The state assembly passed Grothman’s bill without excemptions for rape and incest survivors. Grothman claimed that in cases of incest, “These women above all, need this extra protection.” He added, “We're victimizing women not to provide them with information at this time," according to the La Crosse Tribune.

After the state senate added a rape and incest exemption to the bill, Grothman introduced an amendment limiting the exemption to cases of what he called “forcible rape” – excluding statutory rape of minors – and allowing rape survivors to skip the 24-hour waiting period only if they could confirm to the doctor that they had first filed a police report. The amendment added the same reporting requirement for pregnancy in the case of incest involving a minor, but added a two-hour waiting period.

The assembly approved the bill with Grothman’s changes and Gov. Tommy Thompson signed it.

The Milwaukee Journal Sentinel noted that an earlier Grothman amendment, which was initially passed, but then replaced once legislators realized what it contained, “would have required doctors to wait until a formal criminal complaint was filed before granting an abortion in cases of rape and incest” meaning that survivors would have to “wait weeks, instead of one day, to get an abortion.”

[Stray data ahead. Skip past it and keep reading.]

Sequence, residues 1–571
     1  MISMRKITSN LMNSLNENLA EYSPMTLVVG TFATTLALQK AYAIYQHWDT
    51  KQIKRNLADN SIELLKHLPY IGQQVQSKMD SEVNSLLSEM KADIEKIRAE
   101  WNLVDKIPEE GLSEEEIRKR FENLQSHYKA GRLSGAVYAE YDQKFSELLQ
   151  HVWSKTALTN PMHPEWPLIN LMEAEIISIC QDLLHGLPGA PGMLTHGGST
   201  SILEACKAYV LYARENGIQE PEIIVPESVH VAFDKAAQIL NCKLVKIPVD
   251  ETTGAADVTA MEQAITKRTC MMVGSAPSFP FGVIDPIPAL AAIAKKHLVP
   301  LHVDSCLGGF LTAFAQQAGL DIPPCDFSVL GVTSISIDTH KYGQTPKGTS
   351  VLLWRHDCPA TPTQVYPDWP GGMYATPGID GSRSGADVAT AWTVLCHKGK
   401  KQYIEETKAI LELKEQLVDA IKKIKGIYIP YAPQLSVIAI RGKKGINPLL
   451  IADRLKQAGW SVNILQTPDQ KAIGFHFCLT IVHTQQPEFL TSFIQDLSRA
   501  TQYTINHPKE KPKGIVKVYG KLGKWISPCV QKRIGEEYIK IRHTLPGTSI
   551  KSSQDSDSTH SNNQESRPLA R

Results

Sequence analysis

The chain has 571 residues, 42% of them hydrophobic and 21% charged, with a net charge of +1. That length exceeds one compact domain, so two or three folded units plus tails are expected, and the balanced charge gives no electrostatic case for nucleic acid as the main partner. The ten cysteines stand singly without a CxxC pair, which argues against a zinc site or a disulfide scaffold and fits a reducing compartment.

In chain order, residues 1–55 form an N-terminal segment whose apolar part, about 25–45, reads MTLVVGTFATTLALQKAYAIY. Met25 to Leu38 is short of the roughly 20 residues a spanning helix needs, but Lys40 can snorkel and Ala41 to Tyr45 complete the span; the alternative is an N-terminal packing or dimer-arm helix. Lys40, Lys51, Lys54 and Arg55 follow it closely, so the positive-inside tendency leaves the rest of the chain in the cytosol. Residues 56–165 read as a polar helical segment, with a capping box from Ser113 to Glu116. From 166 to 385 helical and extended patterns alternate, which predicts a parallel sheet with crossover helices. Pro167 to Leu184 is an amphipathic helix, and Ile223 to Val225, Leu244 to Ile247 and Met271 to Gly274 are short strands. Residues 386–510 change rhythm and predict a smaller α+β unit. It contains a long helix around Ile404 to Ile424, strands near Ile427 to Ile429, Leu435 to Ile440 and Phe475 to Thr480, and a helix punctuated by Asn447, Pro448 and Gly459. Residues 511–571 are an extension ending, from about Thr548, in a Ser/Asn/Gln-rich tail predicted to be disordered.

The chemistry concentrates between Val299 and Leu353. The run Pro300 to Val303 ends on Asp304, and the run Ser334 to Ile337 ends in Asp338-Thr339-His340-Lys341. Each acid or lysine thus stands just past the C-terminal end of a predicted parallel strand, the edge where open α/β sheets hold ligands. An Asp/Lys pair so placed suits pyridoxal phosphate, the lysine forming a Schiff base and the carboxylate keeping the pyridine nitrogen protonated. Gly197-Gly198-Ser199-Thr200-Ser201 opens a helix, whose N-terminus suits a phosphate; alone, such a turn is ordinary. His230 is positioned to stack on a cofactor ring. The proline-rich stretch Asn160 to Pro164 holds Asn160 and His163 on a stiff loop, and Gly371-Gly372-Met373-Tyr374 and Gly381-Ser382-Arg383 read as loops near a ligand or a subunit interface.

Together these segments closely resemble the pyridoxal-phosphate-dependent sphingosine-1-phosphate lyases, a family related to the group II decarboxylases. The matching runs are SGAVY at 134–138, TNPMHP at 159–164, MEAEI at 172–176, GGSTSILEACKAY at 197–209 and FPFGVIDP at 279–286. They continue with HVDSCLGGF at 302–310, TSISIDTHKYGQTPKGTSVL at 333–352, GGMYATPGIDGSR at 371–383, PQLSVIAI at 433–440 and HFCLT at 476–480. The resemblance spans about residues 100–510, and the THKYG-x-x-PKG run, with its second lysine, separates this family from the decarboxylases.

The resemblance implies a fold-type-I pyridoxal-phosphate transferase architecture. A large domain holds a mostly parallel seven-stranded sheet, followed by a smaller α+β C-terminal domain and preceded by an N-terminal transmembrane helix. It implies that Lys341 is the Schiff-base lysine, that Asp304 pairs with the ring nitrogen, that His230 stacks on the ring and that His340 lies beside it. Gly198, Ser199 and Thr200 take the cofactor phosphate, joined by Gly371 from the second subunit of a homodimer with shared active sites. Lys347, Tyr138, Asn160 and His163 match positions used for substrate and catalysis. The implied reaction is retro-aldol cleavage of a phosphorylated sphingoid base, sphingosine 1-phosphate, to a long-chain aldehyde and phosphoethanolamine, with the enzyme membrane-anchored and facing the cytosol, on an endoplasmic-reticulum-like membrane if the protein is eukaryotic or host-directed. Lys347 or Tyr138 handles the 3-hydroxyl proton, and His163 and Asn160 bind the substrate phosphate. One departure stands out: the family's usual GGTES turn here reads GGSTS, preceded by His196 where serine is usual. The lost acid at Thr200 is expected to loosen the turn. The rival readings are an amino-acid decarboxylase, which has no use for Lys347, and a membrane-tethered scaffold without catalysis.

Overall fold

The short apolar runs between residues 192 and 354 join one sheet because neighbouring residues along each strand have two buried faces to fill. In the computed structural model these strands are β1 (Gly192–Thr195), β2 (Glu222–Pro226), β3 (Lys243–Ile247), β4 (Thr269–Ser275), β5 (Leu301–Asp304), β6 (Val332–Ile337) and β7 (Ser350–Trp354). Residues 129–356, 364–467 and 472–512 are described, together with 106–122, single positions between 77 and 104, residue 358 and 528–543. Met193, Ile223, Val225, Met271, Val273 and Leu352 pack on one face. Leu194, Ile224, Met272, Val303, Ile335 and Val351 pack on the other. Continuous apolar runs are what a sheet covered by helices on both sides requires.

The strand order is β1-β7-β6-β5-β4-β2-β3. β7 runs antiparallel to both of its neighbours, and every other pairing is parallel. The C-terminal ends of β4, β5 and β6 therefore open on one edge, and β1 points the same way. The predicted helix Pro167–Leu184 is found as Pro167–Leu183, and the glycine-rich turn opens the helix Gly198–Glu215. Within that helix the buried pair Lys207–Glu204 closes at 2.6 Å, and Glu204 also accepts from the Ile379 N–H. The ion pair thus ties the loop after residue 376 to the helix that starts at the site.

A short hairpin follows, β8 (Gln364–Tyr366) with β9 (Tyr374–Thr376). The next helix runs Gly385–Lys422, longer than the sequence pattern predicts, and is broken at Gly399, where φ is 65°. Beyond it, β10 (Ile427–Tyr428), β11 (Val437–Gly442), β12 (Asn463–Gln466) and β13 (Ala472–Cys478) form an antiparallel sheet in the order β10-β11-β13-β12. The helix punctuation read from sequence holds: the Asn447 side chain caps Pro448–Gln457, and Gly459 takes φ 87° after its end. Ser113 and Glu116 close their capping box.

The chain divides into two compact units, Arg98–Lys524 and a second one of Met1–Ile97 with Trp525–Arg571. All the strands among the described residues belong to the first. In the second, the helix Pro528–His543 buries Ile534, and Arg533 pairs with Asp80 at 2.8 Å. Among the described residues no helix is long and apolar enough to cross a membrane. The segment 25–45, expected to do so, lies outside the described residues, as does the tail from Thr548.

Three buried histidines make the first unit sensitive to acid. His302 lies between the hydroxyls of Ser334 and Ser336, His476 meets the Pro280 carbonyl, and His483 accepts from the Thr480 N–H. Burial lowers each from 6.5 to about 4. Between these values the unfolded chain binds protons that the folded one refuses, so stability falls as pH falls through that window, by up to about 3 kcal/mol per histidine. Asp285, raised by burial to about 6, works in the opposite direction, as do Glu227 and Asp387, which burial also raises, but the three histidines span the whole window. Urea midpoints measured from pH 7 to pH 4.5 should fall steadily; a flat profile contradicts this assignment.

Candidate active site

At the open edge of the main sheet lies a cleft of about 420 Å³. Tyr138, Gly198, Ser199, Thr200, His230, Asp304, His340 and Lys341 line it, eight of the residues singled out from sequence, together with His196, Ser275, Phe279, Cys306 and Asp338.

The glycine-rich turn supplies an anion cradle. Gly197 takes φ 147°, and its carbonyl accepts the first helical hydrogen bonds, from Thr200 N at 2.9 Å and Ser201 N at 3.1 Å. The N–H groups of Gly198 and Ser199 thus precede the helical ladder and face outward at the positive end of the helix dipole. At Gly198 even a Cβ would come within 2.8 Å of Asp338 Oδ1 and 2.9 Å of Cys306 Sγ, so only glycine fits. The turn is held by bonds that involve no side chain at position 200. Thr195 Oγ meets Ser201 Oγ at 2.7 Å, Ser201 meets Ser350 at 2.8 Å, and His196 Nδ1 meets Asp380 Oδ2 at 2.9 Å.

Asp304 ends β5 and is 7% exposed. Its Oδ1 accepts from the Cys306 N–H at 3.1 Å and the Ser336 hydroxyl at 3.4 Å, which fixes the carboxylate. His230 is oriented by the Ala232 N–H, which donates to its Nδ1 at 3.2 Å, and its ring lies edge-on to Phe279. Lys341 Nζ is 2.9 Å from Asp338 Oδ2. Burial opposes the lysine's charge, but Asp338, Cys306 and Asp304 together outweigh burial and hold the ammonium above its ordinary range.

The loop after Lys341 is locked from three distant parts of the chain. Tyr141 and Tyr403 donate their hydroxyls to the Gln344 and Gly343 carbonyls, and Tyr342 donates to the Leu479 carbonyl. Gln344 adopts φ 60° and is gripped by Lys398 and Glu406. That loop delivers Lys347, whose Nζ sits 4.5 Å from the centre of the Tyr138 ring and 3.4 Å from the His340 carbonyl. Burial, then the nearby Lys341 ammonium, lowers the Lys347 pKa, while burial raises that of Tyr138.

Wisconsin GOP House Candidate Glenn Grothman Speaks Out Against 'The War On Men'

As we wrote earlier today, Wisconsin State Sen. Glenn Grothman is running in the Republican primary this year against U.S. Rep. Tom Petri , which promises to bring extremism in the GOP primaries to a whole new level.

In our round-up of Grothman’s extremism we mentioned a speech he gave to a 2010 Tea Party rally, in which he claimed that “gals” are unfairly getting promoted ahead of men when really “in the long run, a lot of women like to stay at home and have their husbands be the primary breadwinner.”